It is incisively instructive, showing how the entire art movement can be looked at cynically, but one needs to know a lot about it first.
This quote best expresses Holland’s take on the development of art. He is biting in his sarcasm, which shows disdain of how art is shown to the public, how commercial art is denigrated, and how common perception needs to be improved by education.
Yes, I agree with Holland’s ‘inherited and exploded’ quote: today’s artists can take everything that went before and ‘blow it to bits’ in the sense of debunking art myths, taking and expanding forms, and adding or subtracting what would have been unthinkable when those forms and myths were created.
The collage of styles in Strawberry Fields Forever is a precursor (or permission) for other bands to incorporate classic themes in their music. It took a while, but bands like Electric Light Orchestra and Orchestral Maneuvers in the Dark came along much later and used string and brass sections, together with symphonic strains. It was all due to John Lennon and Paul McCartney and their innovative, prophetic, visionary borrowing of classic motifs.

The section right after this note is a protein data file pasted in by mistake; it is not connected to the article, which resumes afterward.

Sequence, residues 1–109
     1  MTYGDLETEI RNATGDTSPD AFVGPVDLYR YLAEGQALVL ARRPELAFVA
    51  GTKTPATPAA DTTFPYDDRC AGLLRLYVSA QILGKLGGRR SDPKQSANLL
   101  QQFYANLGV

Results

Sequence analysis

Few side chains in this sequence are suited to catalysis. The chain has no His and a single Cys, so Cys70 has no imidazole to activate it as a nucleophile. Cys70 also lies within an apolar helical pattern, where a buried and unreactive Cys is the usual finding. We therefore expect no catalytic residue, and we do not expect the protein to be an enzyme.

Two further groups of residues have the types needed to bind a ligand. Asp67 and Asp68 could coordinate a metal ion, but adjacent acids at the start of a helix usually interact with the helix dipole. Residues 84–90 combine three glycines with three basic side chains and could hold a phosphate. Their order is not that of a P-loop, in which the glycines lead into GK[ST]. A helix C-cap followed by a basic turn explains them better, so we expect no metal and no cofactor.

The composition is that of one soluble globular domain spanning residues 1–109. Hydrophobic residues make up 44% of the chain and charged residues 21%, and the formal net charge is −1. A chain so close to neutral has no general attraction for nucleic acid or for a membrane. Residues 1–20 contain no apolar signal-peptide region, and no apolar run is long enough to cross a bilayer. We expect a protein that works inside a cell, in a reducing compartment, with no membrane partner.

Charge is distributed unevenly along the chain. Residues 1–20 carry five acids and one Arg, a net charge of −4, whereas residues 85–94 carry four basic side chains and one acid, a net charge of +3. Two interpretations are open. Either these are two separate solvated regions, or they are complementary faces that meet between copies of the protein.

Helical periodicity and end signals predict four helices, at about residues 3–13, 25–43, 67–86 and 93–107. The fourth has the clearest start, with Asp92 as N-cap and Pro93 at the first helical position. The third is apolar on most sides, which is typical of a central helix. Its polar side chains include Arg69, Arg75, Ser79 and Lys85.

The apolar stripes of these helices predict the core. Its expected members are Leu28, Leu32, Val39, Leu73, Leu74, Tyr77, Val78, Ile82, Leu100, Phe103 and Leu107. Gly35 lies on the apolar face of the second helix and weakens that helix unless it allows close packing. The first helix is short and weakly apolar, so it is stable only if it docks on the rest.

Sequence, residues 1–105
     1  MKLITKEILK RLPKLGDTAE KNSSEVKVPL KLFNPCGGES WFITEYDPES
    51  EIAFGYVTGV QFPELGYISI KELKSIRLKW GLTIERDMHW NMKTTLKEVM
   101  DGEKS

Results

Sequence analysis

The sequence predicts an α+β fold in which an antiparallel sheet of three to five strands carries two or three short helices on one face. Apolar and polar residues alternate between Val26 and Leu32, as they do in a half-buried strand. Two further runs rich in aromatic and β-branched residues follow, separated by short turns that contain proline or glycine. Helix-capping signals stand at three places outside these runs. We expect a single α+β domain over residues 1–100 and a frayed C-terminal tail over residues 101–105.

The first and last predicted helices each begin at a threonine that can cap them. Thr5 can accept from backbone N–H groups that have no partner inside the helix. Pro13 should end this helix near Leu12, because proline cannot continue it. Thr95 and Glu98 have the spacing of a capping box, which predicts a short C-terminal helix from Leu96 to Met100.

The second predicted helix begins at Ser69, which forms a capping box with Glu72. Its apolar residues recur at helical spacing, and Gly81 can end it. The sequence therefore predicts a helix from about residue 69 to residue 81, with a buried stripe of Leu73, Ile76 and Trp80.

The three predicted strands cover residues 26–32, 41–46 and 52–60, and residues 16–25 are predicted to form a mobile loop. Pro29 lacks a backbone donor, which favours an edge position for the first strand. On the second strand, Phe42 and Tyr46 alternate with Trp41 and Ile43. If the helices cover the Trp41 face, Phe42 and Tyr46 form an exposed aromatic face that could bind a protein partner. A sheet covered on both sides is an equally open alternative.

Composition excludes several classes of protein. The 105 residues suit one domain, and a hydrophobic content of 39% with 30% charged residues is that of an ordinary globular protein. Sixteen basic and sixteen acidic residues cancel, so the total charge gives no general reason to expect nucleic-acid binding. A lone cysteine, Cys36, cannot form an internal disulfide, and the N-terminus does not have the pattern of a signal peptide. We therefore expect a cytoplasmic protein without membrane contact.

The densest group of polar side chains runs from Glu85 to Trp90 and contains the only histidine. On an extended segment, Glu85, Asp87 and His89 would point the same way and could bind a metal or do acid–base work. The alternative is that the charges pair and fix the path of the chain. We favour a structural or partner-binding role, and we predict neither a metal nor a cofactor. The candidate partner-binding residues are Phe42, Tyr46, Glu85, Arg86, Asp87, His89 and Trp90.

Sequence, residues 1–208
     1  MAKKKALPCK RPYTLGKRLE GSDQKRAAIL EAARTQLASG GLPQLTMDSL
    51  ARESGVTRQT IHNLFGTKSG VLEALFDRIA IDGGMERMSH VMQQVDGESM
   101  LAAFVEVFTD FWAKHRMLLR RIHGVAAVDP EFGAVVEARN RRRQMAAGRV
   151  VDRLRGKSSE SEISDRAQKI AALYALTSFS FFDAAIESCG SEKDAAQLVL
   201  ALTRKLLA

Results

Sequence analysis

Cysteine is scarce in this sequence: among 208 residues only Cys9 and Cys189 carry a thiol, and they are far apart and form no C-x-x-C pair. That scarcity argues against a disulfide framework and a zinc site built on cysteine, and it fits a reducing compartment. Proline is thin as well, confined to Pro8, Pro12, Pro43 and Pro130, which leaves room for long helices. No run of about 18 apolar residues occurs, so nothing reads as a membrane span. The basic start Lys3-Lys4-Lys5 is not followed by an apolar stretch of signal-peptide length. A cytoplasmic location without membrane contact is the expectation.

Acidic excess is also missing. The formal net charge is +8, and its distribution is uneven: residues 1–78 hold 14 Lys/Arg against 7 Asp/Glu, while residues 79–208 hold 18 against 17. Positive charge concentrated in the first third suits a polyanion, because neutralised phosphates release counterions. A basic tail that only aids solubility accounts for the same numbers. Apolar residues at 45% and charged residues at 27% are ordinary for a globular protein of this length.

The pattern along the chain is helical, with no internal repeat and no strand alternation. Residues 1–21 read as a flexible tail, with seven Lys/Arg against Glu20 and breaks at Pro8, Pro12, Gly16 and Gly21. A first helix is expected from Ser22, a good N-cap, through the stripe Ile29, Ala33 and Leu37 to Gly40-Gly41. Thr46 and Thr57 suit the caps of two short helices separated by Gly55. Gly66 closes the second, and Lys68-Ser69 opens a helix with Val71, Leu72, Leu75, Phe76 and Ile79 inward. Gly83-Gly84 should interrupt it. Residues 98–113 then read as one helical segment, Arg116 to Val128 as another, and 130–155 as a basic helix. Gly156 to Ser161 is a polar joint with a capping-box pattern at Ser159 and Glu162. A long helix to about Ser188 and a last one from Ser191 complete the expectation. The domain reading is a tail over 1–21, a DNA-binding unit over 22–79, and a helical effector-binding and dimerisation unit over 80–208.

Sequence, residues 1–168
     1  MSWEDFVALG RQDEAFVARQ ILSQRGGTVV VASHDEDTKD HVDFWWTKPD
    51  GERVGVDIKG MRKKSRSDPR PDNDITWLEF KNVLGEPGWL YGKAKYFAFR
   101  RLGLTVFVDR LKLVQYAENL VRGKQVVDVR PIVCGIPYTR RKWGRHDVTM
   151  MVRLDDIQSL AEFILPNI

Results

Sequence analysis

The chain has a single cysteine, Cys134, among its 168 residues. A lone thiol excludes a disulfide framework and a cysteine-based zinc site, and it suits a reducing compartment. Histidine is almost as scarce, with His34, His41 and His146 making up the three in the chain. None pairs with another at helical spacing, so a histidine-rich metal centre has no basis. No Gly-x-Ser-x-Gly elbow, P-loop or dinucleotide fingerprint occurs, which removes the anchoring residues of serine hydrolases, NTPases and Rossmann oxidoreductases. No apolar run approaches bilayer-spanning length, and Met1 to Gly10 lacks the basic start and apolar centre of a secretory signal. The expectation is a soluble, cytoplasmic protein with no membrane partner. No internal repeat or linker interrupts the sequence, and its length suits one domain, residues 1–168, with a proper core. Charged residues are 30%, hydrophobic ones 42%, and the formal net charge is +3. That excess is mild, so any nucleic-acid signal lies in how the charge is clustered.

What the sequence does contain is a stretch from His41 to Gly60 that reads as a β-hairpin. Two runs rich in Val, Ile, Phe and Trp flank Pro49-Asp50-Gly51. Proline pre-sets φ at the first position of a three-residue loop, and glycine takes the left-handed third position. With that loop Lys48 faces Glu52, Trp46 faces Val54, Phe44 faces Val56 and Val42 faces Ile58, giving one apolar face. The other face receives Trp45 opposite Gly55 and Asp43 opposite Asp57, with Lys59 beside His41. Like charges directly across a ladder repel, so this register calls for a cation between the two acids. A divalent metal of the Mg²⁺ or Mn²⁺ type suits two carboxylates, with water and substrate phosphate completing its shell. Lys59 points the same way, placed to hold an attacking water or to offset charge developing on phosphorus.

The lyrics are intentionally jumbled to express laconic abandonment of all that was rule-bound: the Beatles allowed youngsters to break out with impunity, and to ignore disapproval. It allowed musicians to create collages of their own in a destructurist way, and there is the link with post-modernism.
Such a band as the Beatles will, as Levitin (2007) proposes, always occupy a place in music, but their name might not live on with the tunes. People will hum Yesterday, sing Yellow Submarine to their children or serenade a lover with Michelle forever, but these will be like O Sole Mio, You are My Sunshine and Dancing in the Rain. Everyone knows them but like... who wrote